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Saddle Raise/Lower Versus Saddle Fore/Aft

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Saddle Raise/Lower Versus Saddle Fore/Aft

Old 09-13-22, 09:28 AM
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GAtkins
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Saddle Raise/Lower Versus Saddle Fore/Aft

I started the thread below which leads me to my question in this thread.

https://www.bikeforums.net/fitting-y...l#post22645697

Within that thread I mentioned, for a variety of reasons, that I moved my saddle forward by 15mm, or ~ 6/10th of an inch.

My question is, approximately how far upward should I raise my seat post, if any?

Thanks.

Glenn
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Old 09-13-22, 10:04 AM
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By the amount of change that makes from where you sit on the saddle to the pedal when furthest away from that point.

However the ideal saddle distance probably has more margin of tolerance than the few millimeters you changed. If you can do drafting or cad, it's pretty easy to model.

If you notice a decrease in power or something sore going on then you'll know there is more to do.
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Old 09-13-22, 11:08 AM
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I'm confused, which is not unusual. I'm not sure if I'm thinking about this correctly.

If I move the saddle forward, does that, by itself and all else equal, increase or decrease effective saddle height?

If I understand correctly, it reduces effective saddle height.

Thanks.

Glenn
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Old 09-13-22, 12:12 PM
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What is important is the position of your hips relative to the cranks and it is different for everyone. I want to have my weight on the saddle so that when pedaling and in the saddle as much leg power as possible goes into the forward motion of the bike. I need to adjust the fore and aft position and the height of the saddle to get into the sweet spot for me and it is different for every bike I have owned. I know the distance from the front of the saddle to the rear of the handlebar stem and that is a starting point. Particularly when pedaling up a hill it is obvious to me if the saddle position is not optimal and I will take hex wrenches so I can make small adjustments as I go with a new bike or a new saddle.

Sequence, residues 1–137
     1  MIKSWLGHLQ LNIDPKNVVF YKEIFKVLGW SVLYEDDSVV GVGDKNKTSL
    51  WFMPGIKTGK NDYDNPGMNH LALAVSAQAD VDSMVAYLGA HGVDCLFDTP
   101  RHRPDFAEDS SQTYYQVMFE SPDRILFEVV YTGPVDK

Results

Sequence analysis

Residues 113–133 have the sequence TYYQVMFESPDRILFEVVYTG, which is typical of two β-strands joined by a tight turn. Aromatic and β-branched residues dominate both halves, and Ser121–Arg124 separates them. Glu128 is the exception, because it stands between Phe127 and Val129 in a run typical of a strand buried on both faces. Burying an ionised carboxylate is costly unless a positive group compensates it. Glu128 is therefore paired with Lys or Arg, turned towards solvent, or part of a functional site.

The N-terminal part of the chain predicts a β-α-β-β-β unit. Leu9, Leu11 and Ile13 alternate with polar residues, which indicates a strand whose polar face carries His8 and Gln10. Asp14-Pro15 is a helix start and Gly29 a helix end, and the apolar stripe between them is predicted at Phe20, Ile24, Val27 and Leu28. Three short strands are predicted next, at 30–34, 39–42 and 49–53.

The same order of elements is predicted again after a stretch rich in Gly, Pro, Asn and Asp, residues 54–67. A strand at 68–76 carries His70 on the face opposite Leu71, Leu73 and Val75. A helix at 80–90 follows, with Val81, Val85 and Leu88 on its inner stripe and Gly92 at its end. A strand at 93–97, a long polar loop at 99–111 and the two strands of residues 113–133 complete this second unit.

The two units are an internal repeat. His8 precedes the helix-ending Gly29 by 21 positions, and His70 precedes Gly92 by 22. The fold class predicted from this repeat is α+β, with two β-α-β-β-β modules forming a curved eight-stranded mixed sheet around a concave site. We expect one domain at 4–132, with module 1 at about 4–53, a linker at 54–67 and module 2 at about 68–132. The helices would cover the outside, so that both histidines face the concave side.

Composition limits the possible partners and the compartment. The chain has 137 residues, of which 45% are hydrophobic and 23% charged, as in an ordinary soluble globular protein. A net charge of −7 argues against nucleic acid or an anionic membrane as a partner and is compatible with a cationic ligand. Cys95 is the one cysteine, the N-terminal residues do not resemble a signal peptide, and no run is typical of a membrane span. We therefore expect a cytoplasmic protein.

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Old 09-13-22, 12:35 PM
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Originally Posted by Calsun View Post
What is important is the position of your hips relative to the cranks and it is different for everyone. I want to have my weight on the saddle so that when pedaling and in the saddle as much leg power as possible goes into the forward motion of the bike. I need to adjust the fore and aft position and the height of the saddle to get into the sweet spot for me and it is different for every bike I have owned. I know the distance from the front of the saddle to the rear of the handlebar stem and that is a starting point. Particularly when pedaling up a hill it is obvious to me if the saddle position is not optimal and I will take hex wrenches so I can make small adjustments as I go with a new bike or a new saddle.
Yes, thank you.

So, if I move the saddle forward, does that, by itself and all else equal, increase or decrease effective saddle height?

If I understand correctly, it reduces effective saddle height.

Thanks.

Glenn
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Old 09-13-22, 01:21 PM
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Yes it typically will reduce the effective saddle height. So you might have to raise your saddle. But if we are only talking about silly little milimeters, then your new position with respect to the BB might have your body feeling that it needs a different saddle height altogether that is disproportional to the mathematical difference in distance.

So why not just try something and see if it works for you.
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Old 09-13-22, 02:33 PM
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Originally Posted by Iride01 View Post
Yes it typically will reduce the effective saddle height. So you might have to raise your saddle. But if we are only talking about silly little milimeters, then your new position with respect to the BB might have your body feeling that it needs a different saddle height altogether that is disproportional to the mathematical difference in distance.

So why not just try something and see if it works for you.
I completely agree and no doubt you are correct. As you know, what got me started down this rabbit hole was the constant numbness and hot foot on the left. Tried everything I could think of to fix it over the years since the fit. The fitter was aware of the hot foot and he made better. Downside is I haven't been to Boulder since COVID.

Got to thinking I should try a new saddle and got a couple of loaners from the local Trek shop. When I put the 165mm on it was perfect on my sit bones, unlike anything before, but I had to slide back in the saddle to get exactly spot-on.

Tried the 155mm - no go. Back to the 165mm saddle and then forward 15mm. Ah, good. But then it felt like my weight on the saddle was lower than it should have been given the weight distribution on my pedals. Not equal support between the two when just cruising along flats with a few rolling hills thrown in for good measure.